More than a hundred years ago, my great-great-grandfather had bought a house in a locality known as Sutanuti, which was one of the main developed towns at that time and is now the oldest part of Kolkata. My family from the paternal side has been living in the same house since then. Meanwhile, Sonagachi, the biggest red-light district of Kolkata with a population of over 10,000 sex workers, also began to expand in the neighbouring locality.
In my childhood, I had no distinct feeling of growing up around brothels. I could never experience the awe, curiosity or strangeness that outsiders interested in Sonagachi felt. It was just another place with known names and known faces. When I was admitted to a local school, the number of these known faces increased considerably. My social and personal relationships with other children of the neighbourhood led to an understanding of the area, though I still harboured only a blur of what a red light district meant. It was not until adolescence— with my accumulating knowledge of human relationships—that this blur gradually became clearer. I understood the norms and deviances of what I was a part of.
My parents didn’t frown on my mingling with the children of Sonagachi’s inmates. Gradually, I gained a deeper feel of the area. I had my mashis, didas, kakas and didis. The relationships were as spontaneous as ever, except that I was always asked to go back home before the start of their business hours.
My realisation of ‘adulthood’ came much earlier because of the proximity to Sonagachi. The distinction of the district lay not only in its air, lights, sounds, voices, laughs, cries, and smells, but also in the language. Body- talk was common and mostly in socially unacceptable terms. I learnt the usage of words like haldi-bhaat (a man living on the earnings of a sex-worker), khangari (a rich person who became a pauper after spending his wealth in the brothel), heh (a code between two pimps for their share on a single client). I sometimes felt the place was like a huge garden—you could not help breathing in its quaint smell if you stayed too close. I learnt to play card-games, especially Kitty, the most popular one among sex workers. My inquisitiveness of the culture led me to understand the economic and social divisions among sex workers. The four distinct categories were Agrawali, Madrasi, Nepali and Bangali. Agrawalis were the wealthiest community of Sonagachi. They came from Uttar Pradesh and maintained their own sphere of influence in the area. Their community had a norm which barred male members from earning a living. Men would be fed and taken care of by their sisters. The Agrawali women were proud of this duty towards their brothers.
Kartik Puja in the red-light district almost challenged Durga Puja in glitz and glamour. While the latter was a celebration of the mainstream, the former served as an assertion of the marginalised. All the brothels would put up replicas of crude temples decorated with colourful lights and flowers for Lord Kartikeya during the time. Some worshipped him as their prosperous client and others wished him to be their son. The festival would go on for almost a week, followed by an immersion, which entailed a deafening procession where sex workers would dance to popular Hindi songs. I had plenty of invitations for Kartik Puja celebrations in Sonagachi.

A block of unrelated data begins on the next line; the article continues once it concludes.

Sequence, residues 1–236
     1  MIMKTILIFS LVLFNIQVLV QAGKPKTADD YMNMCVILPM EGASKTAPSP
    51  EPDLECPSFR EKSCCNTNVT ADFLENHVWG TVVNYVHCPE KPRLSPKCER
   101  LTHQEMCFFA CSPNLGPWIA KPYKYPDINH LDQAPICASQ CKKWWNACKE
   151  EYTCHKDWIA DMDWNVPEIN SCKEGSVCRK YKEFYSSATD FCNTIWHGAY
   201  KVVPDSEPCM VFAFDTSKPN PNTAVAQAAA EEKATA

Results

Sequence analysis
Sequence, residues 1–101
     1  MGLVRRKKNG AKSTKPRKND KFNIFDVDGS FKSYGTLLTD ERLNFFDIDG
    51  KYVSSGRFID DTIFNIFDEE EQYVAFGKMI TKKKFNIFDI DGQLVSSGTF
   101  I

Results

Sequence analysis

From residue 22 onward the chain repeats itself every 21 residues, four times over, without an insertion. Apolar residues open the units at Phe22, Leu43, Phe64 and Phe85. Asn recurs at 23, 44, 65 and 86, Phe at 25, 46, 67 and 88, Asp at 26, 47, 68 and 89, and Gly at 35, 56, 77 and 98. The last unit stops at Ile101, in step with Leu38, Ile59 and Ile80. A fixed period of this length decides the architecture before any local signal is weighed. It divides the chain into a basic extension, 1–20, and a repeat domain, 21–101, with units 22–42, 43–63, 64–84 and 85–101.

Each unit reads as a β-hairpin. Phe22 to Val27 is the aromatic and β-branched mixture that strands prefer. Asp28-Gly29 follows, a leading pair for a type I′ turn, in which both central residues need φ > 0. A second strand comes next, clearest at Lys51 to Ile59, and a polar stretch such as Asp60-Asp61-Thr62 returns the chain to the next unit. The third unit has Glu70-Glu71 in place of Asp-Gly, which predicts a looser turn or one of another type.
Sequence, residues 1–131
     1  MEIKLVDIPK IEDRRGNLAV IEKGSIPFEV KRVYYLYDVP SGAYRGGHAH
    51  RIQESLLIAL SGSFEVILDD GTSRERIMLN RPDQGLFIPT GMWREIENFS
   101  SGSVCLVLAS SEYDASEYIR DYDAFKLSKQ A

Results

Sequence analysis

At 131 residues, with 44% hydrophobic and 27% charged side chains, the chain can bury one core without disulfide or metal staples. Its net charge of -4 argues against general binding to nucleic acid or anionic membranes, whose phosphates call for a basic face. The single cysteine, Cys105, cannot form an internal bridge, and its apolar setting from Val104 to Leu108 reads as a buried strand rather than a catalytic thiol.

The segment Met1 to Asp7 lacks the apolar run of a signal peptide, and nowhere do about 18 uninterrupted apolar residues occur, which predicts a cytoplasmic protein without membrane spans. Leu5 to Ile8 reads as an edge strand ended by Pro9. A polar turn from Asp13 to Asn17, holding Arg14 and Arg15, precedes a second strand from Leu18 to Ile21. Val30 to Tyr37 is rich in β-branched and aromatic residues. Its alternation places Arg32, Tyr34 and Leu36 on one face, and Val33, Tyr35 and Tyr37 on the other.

My memories of being intertwined with the district started fading after I was admitted to college. My interest in photography led me in an unconventional direction. Because of my lack of institutionalised education in photography, I went about teaching myself. I decided to assist other photographers, mainly foreigners, through the jumbled streets of Calcutta, and also learn something along the way—like seeing one’s known world through new eyes. Most notable among those experiences would be in the mid-90s with the American photographer Zana Briski. Zana requested my assistance for her documentation project on the daily life of sex workers of Sonagachi. I walked around the familiar alleys with her for some time till she went to Nepal and then to her native country, the US, to raise funds to carry on her Sonagachi project. I resumed my learning, and all of a sudden I got an unexpected opportunity to understand modern journalistic photography under the guidance of some world famous photographers and editors such as Stanley Greene, Robert Pledge, Ruth Eichhorn, Vincent Alabiso. It was followed by an internship with GEO magazine, which took me to Germany. Memories of the faces in the red-light district became more distant as I travelled to new places for new stories.
For the past couple of years, memories of Sonagachi have been coming back like a long forgotten dream. It led me to start a personal documentation project on the streets of Sonagachi during its business hours every evening. I found no known faces, and realisation dawned on me that more than two decades had passed since my childhood there. But though new faces have replaced old ones, the place remains the same. The same old outlandish stench of familiarity and unfamiliarity, pacing leisurely in corners. The dark, dingy, nameless, crisscrossed lanes with labyrinths of single rooms all around, often only partitioned by curtains, a little like the chaos in one’s own mind. For someone who shared his life with the place, unveiling Sonagachi is interesting, intriguing and disturbing, almost like going back to a place one had belonged to chart the dark annals of history in search of that one light or whisper of creation.